I have never understood increasing the risk of injury to a child. And how insane is it to do it to your own child, the very child you want to play a sport so long and so well that it either saves you money or makes you money?

Welcome to the baseball edition of toxic masculinity. Put your son in harm’s way, then insist they fight through their completely unnecessary pain and mental trauma because that makes them real men. Oh, and make your love conditional on their performance. That won’t mess them up AT ALL.

When Dalton opted to focus on club soccer and drop other sports, Andy and I cheered. Club soccer cost a small fortune, but we could retire from coaching. Our son would have a professional, paid coach—not an insane baseball dad.

When I met my first club coach at tryouts, I told him, “Even though he’s fast, Dalton’s also pretty good in goal, if you want to try him there.”

The soccer coach gave me an incredulous look and said, “He’s left-footed. I’d be mad to put him in goal.”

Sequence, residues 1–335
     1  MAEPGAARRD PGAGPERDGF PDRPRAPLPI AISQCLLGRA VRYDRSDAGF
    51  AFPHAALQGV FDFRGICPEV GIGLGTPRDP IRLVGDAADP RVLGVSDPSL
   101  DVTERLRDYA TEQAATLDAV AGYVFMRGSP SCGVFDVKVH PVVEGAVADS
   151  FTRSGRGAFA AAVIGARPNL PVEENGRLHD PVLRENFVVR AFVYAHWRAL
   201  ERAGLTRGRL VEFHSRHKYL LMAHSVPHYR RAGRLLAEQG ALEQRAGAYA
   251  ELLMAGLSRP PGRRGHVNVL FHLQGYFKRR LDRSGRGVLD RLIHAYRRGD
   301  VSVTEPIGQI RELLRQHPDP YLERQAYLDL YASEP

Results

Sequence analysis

I closed my gaping jaw and weakly echoed, “He’s left-footed? Really?”

I watched the coach mentally lumping me in the “American who doesn’t know shit about soccer” category before kindly offering me a way to save face by asking, “His coach never told you?”

Dalton’s coach thought back to her very first day coaching Dalton’s team.

I had taught ten five-year-old boys to plant one foot with the toes pointed in the direction they wanted the ball to travel and to then kick the ball with the other foot. I never told them WHICH foot to use. Dalton must have used his naturally dominant right foot to aim and kicked the ball with his left foot…and kept doing it. For almost 4 years.